Posts tagged ‘Catholic schooling’

Honoured to be in schooling

I was surprised and humbled last night at our Silver Jubilee Celebration when presented with a Papal Knighthood in the Order of St Gregory the Great. I am not often lost for words, as this blog attests, but I was quite moved by the significance of the honour presented by our Bishop, Anthony Fisher OP. The citation read by Fr Arthur Bridge said I was being acknowledged, not just for my contribution to Catholic Education over the past few decades, but also for my work in reframing schooling in a contemporary age.

As I said last night – when I was finally able to string some words together – our work in the area of making schooling relevant for today’s world is only possible through the support and confidence of the Bishops with whom we work. Some might think it’s remarkable that the Catholic Church is so willing to lead a progressive agenda in schooling – I disagree.

Catholic schools are called to be different. The Catholic Church is by nature counter-cultural; it follows, then, that Catholic schools must also be counter-cultural. It’s in our DNA. If Catholic schools simply mirror the existing landscape and become extensions of the ‘norm’, we will have failed to fulfil our moral imperative which is to ‘have life and have it to the full’ (John 10:10). This doesn’t mean we hole up and forget the secular world. On the contrary, we have to be an integral part of the world we serve, but we must also seek to transform that world – to make it better – by challenging the status quo and continually looking to improve the experience of schooling for the young people in our care.

In the Diocese of Parramatta, we are working collaboratively to find new ways of learning and teaching informed by what we know is good theory and practice; we are trying to embed that at every level of the system; and to continue to build the capacity of our teachers and leaders so they can prepare the next generation to go out and transform the world for the better.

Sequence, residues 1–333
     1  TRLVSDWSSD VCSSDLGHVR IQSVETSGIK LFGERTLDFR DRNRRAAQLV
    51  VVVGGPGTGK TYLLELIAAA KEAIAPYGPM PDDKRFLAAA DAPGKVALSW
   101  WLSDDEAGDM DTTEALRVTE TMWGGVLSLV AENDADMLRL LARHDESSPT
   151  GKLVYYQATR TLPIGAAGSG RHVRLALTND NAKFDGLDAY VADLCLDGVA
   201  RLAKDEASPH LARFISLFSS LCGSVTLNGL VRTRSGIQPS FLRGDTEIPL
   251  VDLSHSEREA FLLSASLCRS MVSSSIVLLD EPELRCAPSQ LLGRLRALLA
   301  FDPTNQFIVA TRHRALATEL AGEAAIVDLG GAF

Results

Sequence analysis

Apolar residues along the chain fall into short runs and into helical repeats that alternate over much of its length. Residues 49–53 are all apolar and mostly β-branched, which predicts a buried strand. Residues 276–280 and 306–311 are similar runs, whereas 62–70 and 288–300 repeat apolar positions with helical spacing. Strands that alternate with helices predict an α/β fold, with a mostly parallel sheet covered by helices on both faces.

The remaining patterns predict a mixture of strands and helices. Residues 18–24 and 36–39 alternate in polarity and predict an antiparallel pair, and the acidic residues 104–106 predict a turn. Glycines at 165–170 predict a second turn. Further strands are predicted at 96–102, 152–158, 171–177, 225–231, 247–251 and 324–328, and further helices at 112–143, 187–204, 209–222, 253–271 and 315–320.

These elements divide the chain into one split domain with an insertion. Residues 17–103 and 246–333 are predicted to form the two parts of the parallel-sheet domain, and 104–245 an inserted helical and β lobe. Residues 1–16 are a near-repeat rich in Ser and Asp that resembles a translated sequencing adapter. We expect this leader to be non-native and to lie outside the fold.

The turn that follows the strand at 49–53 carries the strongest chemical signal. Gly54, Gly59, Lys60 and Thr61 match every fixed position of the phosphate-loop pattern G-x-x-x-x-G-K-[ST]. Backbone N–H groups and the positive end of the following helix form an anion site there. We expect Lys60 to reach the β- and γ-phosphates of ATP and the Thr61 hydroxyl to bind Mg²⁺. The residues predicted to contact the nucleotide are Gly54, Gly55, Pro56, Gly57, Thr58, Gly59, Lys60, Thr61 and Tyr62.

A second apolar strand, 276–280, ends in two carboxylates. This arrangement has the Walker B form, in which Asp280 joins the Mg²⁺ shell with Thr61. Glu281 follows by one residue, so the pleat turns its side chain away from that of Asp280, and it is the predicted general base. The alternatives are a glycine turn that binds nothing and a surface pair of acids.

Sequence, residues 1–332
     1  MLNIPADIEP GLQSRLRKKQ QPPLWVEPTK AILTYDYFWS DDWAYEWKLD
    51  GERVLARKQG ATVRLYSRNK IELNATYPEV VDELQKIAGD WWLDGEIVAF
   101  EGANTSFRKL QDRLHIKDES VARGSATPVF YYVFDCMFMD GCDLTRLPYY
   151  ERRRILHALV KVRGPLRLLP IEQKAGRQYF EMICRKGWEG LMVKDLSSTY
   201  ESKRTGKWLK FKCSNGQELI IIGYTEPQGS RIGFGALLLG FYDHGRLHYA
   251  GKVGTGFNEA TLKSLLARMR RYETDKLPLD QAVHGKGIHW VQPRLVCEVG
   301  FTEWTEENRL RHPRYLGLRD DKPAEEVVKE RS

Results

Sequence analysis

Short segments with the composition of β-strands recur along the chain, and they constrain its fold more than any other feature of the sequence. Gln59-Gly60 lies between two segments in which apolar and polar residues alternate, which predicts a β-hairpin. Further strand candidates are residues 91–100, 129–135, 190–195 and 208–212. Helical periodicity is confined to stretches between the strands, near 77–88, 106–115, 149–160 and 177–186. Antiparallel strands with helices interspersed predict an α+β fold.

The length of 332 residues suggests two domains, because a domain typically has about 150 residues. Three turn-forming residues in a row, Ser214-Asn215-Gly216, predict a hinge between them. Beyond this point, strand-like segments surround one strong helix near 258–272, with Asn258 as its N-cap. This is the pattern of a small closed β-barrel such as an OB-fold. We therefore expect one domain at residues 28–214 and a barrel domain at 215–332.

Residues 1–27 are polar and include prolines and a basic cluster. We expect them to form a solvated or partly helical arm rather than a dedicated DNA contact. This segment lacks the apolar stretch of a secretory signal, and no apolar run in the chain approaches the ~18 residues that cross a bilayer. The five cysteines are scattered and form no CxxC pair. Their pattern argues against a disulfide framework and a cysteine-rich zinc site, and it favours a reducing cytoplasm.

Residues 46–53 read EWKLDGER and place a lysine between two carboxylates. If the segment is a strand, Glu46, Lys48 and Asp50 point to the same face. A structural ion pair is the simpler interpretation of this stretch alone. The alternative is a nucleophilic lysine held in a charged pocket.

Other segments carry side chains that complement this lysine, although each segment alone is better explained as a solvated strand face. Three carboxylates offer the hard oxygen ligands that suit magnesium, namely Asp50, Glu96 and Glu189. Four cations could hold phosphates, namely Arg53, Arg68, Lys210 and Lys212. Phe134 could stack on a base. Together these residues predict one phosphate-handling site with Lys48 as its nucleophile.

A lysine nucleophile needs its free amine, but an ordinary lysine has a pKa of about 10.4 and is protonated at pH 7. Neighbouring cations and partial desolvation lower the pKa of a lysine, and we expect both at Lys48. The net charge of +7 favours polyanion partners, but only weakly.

This Papal honour is an acknowledgement of the work WE, as a diocese, are doing to ensure Catholic schooling is relevant, meaningful and transformational for our 43,000 students; and of our responsibility to share this work with our colleagues across sectors and across the globe.

To my colleagues, thank you for your ongoing commitment to Catholic education and happy Jubilee.

Sir Greg ;)

Teacher learning

We’ve been pursuing a rigorous intent in our system over the past few years. At the heart of the agenda is our ‘theory of action’, which places student learning at the centre of our work influenced by good teachers who continually reflect and improve their practice. We refer to this as teacher learning.

We have many examples across our school communities where our theory of action is permeating our collective understanding of what quality Catholic schooling is and looks like in today’s world.

Recently, there was an opportunity for teachers and students from a handful of schools to come together; utilising the tools available to enhance the learning experience.

These opportunities are challenging and rigorous as teachers reflect on their practice and question long held assumptions on how students learn and in what learning settings.

My feedback is that teachers enjoy the freedom ‘learning about learning’ provides. It is and can be transformative when you can let go of what is not working and embrace working in new ways that engage learners at every level.

This is how one teacher responded to the process of working in new ways with students, teachers and experts.

Our work is the art of the possible.

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